*FSH level of Blood group A is significantly higher than that of B
**FSH level of Blood group O is significantly higher than that of B

A 73 (24) 3.296 31.62±0.63 8.96±1.19 36.73±4.47 9.71±1.52 18.14±3.29* 76.64±5.43
B 36 (12) 3.296 30.18±0.86 10.24±1.61 37.81±4.39 5.41±0.76 6.54±2.3 80.94±10.55
AB 11 (4) 3.296 29.18±1.87 10.55±3.08 28.08±5.30 7.67±3.01 6.73±2.19 80.55±13.49
O 180 (60) 3.296 30.39±0.41 9.70±0.93 41.20±4.29 9.22±0.86 17.61±2.11** 73.83±3.78
f-cal 1.177 0.140 0.356 1.360 2.139 0.250
f-critical 2.65 2.65 2.65 2.65 2.65 2.65
p value >0.05 >0.05 >0.05 >0.05 >0.05 >0.05
Remarks NS NS NS NS NS NS

Table 2: Comparison of mean FSH (ng/ml) levels in different blood groups using Post hoc analysis
Blood groups Mean difference Std. error p
A vs B 11.592 5.673 0.042
A vs AB 11.395 9.008 0.207
O vs AB 10.950 8.652 0.207
B vs O 11.147 5.088 0.029

Table 3 Percentage distribution of hormones (progesterone, prolactin, LH, FSH and estradiol) of subjects with different blood groups within normal, below and above the reference limits
Blood group Hormone (reference limit) n Normal (%) Below (%) Elevated (%)
O Progesterone (2.5-2ng/ml) 180 105 (56) 70 (38) 5(3)
Prolactin (8.39-20.15ng/ml) 180 60 (33) 17(10) 103(57)
LH (5-20ng/ml) 180 58 (32.2) 99 (55) 34 (12.8)
FSH (<20ng/ml) 180 139 (77.2) 0(0) 41 (22.8)
Estradiol (60-150pg/ml) 180 76(46.7) 90 (50) 14 (7.8)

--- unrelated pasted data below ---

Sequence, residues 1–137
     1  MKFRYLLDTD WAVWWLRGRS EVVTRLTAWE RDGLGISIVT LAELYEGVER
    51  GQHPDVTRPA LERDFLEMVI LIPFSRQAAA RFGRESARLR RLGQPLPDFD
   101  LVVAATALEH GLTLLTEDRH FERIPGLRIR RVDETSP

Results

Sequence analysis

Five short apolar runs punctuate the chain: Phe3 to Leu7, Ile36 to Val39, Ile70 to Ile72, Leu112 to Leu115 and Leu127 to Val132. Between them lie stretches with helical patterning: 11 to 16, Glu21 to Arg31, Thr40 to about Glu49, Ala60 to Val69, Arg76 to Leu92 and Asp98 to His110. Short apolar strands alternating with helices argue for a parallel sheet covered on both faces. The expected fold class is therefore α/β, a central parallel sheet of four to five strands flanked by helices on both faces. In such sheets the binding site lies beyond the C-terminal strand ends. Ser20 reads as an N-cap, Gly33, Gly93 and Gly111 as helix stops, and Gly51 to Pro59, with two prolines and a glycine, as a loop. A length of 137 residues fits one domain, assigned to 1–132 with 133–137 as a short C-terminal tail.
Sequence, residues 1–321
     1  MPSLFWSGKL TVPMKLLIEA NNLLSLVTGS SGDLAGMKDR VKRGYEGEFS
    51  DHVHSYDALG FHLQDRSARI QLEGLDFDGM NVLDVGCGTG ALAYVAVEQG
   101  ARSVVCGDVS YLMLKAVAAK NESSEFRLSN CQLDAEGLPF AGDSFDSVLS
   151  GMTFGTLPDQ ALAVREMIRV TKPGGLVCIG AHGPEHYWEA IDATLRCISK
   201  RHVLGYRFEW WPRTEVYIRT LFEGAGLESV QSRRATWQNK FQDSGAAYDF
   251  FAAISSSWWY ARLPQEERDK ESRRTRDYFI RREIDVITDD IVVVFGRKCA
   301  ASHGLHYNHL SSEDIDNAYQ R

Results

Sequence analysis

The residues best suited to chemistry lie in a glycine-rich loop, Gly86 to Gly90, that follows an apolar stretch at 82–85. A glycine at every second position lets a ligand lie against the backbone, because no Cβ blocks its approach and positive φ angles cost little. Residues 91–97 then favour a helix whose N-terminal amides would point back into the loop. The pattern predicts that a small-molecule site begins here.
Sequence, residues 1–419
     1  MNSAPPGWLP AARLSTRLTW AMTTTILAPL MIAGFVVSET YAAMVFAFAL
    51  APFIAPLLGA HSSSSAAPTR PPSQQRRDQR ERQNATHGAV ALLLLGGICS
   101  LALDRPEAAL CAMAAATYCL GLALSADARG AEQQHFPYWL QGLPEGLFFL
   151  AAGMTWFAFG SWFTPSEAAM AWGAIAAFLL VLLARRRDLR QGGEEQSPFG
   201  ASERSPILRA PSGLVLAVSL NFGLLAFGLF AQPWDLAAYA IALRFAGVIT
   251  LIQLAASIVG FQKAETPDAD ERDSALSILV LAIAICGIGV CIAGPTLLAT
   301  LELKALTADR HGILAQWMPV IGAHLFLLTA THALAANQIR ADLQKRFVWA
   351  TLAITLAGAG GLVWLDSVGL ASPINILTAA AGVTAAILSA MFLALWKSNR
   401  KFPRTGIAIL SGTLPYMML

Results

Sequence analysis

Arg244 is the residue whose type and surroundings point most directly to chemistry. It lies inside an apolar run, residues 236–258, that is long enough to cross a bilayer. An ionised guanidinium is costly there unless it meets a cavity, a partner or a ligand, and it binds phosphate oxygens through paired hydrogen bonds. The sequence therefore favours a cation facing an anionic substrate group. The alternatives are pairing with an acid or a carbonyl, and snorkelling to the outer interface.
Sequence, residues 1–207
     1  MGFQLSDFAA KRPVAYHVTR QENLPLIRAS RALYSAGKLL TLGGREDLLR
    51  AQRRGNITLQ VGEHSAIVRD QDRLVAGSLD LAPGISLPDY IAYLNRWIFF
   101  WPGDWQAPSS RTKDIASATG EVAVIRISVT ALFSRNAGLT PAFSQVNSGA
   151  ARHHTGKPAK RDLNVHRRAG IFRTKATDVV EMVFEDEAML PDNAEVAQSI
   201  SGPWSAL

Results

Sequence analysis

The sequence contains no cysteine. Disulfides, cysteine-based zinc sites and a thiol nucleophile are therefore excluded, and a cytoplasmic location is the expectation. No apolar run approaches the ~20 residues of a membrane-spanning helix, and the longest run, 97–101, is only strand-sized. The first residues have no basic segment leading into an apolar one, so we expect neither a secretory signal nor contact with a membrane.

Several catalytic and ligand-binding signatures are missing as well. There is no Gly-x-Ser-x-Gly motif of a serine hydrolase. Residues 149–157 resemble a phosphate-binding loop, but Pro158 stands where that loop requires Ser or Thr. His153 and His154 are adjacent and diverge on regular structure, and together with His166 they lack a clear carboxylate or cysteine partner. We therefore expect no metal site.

A Progesterone (2.5-32ng/ml) 73 42 (58) 27 (37) 4(5)
Prolactin (8.39-20.15ng/ml) 73 26 (36) 7 (9) 40 (55)
LH (5-20ng/ml) 73 31(42.5) 33 (45.2) 9(12.3)
FSH (<20ng/ml) 73 60(82.2) 0 (0) 13(17.8)
Estradiol (60-150pg/ml) 73 41 (56.2) 27 (37) 5(6.8)
B Progesterone (2.5-32ng/ml) 36 23 (64) 12 (33) 1 (3)
Prolactin (8.39-20.15ng/ml) 36 9 (25) 2 (6) 25 (69)
LH (5-20ng/ml) 36 12 (33.3) 23(63.9) 1 (2.8)
FSH (<20ng/ml) 36 35 (97.2) 0(0) 1 (2.8)
Estradiol (60-150pg/ml) 36 18 (50) 14 (38.9) 5 (6.8)
AB Progesterone (2.5-32ng/ml) 11 6 (55) 4 (36) 1 (9)
Prolactin (8.39-20.15ng/ml) 11 4 (36) 0 (0) 7 (64)
LH (5-20ng/ml) 11 5 (45.5) 5 (45.5) 1 (9)
FSH (<20ng/ml) 11 10 (90.9) 0(0) 1 (9.1)
Estradiol (60-150pg/ml) 11 5 (45.5) 5(45.5) 1 (9)

Table 4: The percentage distribution of hormones (progesterone, prolactin, LH, FSH and estradiol) in the sample population within normal, above, and below the reference limits
Hormone (reference limits) Normal (%) Above (%) Below (%) Total (100%)
Progesterone (2.5-32ng/ml) 176 (58) 113 (38) 11 (4) 300 (100)